On Tuesday NOVAPython put on its very first CodeKata at the Excella Consulting offices in Arlington VA. The Kata was focused on using Numpy in place of list iteration in Python programs. We hosted the problems in the NOVAPython github repository, and people worked in teams to solve the problems. After the problems were solved, solutions were discussed and ideas were exchanged. As usual, I want to reflect a little on what went well and what went not-so-well.
Excella was great. The room was perfect, the food was tasty, and the internet was fast. The room was laid out with 10 2-person desks. This created a very simple pair programming setup that forced perhaps-otherwise-introverted-developers to work together and share ideas. The projector made it easy to go over examples, and let people plug in to share their own solutions. All in all, the location and environment were perfect.
Our goal was to change your mode of thinking from simple list iteration to applying functions to arrays and matrices. In order to do this, Jonathan Street and Skipper Seabold wrote some great problems and also wrote a naive solution to each of those problems using list iteration. We asked the attendees to solve the problems using Numpy. We wanted people to see the difference in the code, and be able to look at a familiar Python solution to help explain the new Numpy solution.
This is were we hit a few snags.
- Numpy has a huge function set and everything we wanted to do was already built into Numpy. It was possible to write your own code to solve the problems, but it was also very easy to simply search the documentation for functions.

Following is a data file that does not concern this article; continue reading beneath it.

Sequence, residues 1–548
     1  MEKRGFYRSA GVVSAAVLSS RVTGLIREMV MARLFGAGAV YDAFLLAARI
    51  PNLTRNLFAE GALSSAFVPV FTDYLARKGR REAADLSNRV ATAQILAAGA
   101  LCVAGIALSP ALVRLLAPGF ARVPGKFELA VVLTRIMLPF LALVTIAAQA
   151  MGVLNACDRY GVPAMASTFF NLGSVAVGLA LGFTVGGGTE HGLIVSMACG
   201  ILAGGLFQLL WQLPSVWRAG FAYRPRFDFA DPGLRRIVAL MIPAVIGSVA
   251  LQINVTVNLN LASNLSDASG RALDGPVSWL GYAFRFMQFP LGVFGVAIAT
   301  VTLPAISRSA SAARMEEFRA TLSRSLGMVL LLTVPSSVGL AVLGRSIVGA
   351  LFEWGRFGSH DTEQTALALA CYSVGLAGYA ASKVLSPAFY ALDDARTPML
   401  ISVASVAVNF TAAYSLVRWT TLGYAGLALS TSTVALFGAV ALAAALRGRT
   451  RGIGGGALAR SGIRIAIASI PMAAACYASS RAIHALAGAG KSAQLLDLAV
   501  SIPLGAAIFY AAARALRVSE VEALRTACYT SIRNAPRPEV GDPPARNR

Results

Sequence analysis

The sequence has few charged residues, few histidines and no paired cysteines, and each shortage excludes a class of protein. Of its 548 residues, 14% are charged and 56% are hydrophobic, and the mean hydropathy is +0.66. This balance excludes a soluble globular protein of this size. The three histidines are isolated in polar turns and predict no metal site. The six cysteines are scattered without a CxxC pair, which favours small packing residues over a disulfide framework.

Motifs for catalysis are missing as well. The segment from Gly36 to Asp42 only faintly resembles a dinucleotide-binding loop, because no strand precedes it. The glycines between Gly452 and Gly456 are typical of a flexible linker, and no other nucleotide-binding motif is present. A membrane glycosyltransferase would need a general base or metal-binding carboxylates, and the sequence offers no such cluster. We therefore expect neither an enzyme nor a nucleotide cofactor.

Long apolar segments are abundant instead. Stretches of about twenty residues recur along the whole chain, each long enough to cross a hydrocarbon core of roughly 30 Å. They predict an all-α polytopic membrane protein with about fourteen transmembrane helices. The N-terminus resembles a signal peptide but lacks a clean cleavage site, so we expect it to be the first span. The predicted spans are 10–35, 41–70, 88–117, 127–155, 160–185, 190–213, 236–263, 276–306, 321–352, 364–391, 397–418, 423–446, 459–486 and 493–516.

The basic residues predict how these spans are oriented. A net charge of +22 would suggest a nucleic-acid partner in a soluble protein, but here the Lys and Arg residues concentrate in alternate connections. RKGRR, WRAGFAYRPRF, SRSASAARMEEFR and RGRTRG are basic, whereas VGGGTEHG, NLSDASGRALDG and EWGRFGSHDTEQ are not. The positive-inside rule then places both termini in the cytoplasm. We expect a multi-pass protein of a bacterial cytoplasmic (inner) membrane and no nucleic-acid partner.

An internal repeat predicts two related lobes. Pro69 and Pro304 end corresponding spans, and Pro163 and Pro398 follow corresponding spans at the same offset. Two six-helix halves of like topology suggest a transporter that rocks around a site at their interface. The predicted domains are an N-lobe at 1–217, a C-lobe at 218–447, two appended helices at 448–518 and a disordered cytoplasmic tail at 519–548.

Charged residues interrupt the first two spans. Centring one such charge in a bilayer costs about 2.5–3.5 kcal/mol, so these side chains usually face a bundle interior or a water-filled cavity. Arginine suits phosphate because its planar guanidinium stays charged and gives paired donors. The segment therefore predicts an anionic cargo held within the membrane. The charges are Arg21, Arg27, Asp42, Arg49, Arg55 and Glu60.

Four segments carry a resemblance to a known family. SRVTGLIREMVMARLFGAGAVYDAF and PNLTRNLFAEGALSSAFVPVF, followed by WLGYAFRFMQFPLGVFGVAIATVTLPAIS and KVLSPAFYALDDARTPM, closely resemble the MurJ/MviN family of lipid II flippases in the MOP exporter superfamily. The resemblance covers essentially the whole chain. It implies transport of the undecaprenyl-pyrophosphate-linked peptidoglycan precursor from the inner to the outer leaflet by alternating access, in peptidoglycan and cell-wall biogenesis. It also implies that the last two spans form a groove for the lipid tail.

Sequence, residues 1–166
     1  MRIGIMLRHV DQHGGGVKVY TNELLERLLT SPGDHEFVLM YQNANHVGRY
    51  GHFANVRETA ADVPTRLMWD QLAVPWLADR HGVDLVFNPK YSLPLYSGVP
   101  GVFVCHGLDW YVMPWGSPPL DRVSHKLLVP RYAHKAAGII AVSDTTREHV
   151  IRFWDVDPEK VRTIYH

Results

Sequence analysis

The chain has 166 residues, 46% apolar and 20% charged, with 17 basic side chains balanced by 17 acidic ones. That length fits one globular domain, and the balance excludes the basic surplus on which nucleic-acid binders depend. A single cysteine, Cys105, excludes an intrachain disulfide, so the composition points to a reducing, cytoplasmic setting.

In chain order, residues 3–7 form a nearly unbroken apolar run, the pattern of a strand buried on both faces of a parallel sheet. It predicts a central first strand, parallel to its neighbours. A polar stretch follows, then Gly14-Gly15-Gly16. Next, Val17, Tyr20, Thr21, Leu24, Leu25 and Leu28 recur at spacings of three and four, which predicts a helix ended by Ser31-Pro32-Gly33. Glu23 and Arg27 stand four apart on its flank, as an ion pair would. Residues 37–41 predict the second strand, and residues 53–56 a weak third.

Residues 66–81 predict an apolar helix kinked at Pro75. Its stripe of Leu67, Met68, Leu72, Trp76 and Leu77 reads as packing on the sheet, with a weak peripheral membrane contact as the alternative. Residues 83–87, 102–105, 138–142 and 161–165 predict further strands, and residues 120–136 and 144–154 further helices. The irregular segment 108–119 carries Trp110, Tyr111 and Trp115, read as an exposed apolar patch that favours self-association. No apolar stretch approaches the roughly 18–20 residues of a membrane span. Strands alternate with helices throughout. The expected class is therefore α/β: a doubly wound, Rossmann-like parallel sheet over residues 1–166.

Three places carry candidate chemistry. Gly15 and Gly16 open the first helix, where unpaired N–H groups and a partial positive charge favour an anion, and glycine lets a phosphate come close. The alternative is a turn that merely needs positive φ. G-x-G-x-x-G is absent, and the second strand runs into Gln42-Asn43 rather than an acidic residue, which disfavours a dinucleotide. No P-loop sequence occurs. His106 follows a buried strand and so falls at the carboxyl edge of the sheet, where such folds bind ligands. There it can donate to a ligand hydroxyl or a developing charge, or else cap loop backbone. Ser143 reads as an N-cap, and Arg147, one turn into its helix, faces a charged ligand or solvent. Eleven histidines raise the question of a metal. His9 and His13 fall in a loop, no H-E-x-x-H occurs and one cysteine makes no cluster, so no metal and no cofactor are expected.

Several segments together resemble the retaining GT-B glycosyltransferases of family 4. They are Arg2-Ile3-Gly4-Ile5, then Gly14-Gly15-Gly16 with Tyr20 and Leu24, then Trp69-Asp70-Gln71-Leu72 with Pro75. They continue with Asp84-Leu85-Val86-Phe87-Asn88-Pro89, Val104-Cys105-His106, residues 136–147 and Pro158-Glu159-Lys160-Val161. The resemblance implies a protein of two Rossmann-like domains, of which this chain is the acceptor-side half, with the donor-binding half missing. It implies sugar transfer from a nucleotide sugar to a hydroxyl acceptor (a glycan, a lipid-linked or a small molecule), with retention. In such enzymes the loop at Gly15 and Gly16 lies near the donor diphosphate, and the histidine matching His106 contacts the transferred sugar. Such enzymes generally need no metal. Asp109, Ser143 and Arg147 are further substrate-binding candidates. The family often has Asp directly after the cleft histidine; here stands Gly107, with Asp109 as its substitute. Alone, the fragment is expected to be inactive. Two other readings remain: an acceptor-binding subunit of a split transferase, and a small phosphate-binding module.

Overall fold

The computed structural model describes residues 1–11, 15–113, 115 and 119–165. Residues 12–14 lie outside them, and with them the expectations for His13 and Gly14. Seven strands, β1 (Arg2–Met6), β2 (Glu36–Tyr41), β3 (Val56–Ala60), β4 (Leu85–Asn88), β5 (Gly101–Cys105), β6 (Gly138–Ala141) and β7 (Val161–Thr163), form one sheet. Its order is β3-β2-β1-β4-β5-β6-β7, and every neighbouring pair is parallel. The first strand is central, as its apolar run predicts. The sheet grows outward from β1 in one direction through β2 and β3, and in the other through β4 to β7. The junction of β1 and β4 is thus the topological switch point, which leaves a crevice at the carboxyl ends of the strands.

- To really explore Numpy, you need a strong math background. I don’t mean a Wiki search for matrix multiplication either. I mean understanding how some of these equations work, and when you can use what for speed. I can’t give examples because I don’t have the strong background required. I just know that solutions were presented and some attendees would nod and say “Oh that is an interesting way to do that” and I didn’t know why.
- It was impossible to estimate problem completion time. Amazingly enough we only had one problem left when we had to wrap up, which I consider perfect. I feel like the problems were almost like trivia though. If you understood the type of problem, you knew just what kind of Numpy function to use.
Suggestions were made, and I hope they keep coming in.
- More visual. We concentrated on correct answers and execution time (silly developers). But what about working with graphs or waves or point distributions? Visually see your progress as you go through the problem set. I think this makes a lot of sense.
- More collaborative code. As usual, we had Linux/OSX/Windows users. I wanted to get the code out to the attendees early, so we used Github. But there are several tools (Anaconda, IPython, Wakari) that would allow everyone to build graphs and share through notebooks to the main projector. I think this is also a good way to go for the next one
It seems that everyone learned something and it was worth while to show up. I think by narrowing the goal of the Kata, we can come up with more focused problems and really work on some specific skills. I think by following the suggestions from the attendees, the next Kata will be even better.